While movements for various human rights issues are thriving in Asia — in Indonesia, Hong Kong, Philippines, West Papua, etc.– sustained movement-building remains crucial in the region. Actors working with and in movements face a lot of threats — repressive legislation and policies, state violence and surveillance, and emerging technologies like artificial intelligence and machine learning that could make such challenges even harder to face.
Coconet II comes at a crucial time. 120 activists, campaigners, journalists, artists, technologists, each supporting various movements from across Southeast Asia, gathered to learn, share, and co-create solutions to the aforementioned issues.
They deepened discussions around issues that impact digital rights, exchanged tactics and skills to strengthen each other’s movements, and explored collaborative campaigns (some of which already started at the camp).
Coconet II ran for 5 days at a secluded nature reserve in the Philippines, at the foothills of the Sierra Madre Mountain Range. The camp followed an open space methodology that ensured participants could share their expertise, the issues they’re working on (such as online gender-based violence, artificial intelligence, digital safety, problematic corporate platforms) and essential skills to address such challenges (such as effective communication, storytelling, campaigning and protest tactics, addressing activist burn-out and trauma, and so on).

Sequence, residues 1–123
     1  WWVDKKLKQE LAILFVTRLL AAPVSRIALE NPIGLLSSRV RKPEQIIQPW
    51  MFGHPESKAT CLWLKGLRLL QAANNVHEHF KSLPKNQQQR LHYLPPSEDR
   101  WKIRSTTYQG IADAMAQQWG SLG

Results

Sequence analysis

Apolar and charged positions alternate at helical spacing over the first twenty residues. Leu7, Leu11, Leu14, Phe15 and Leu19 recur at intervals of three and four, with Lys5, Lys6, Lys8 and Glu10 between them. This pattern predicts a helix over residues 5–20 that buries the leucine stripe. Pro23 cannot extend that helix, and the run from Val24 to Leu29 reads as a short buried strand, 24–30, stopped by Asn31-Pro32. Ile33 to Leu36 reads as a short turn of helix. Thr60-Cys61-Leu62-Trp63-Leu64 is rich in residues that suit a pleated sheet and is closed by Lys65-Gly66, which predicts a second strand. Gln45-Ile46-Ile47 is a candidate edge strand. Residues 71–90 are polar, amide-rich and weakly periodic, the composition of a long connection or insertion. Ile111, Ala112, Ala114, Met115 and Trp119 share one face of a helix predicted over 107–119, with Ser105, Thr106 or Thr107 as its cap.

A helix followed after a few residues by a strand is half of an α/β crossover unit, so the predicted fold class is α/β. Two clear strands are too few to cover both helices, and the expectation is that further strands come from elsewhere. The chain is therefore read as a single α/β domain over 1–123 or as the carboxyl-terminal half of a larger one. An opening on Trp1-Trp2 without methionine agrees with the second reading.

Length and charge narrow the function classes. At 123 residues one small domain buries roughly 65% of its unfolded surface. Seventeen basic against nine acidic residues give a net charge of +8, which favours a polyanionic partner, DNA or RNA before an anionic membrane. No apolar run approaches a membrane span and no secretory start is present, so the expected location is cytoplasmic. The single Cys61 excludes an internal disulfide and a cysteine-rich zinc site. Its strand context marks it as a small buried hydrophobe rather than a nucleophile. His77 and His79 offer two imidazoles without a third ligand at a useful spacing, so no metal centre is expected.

During the day, sessions happened in gazebos, cottages, on the grass, and other such spaces, while at night, film screenings, bonfire discussions, and other activities helped participants rest and unwind.
Cross-movement conversations and collaboration discussions happened throughout the camp. Activists from West Papua, Hong Kong, and Indonesia shared stories about the recent surge of protests from their parts. Some participants collaborated on a campaign to #StopTheAttacks and halt the harassment of digital rights activists in the region, and to release those who are in jail.
Other collaboration plans include making drone documentary videos on land rights and environmental issues, having regular podcasts that cover digital rights and civic tech in the region, creating a regional rapid response network on digital threats, and forming a network of artists and cultural workers.
A platform was created to facilitate these and other potential collaborations among participants.
Coconet II ended with everyone sharing a spirit of solidarity and a commitment to continue fighting for digital rights in the region. And there was a shared sentiment that although many challenges still remain, we had a much better chance if we were in this together.
Indeed, Coconet is more than just a camp. By connecting communities and networks, we hope that Coconet catalyzes individual campaigns, collective collaborations — even regional movements — and we’re confident Coconet’s growing community is fired up to make all of this happen.
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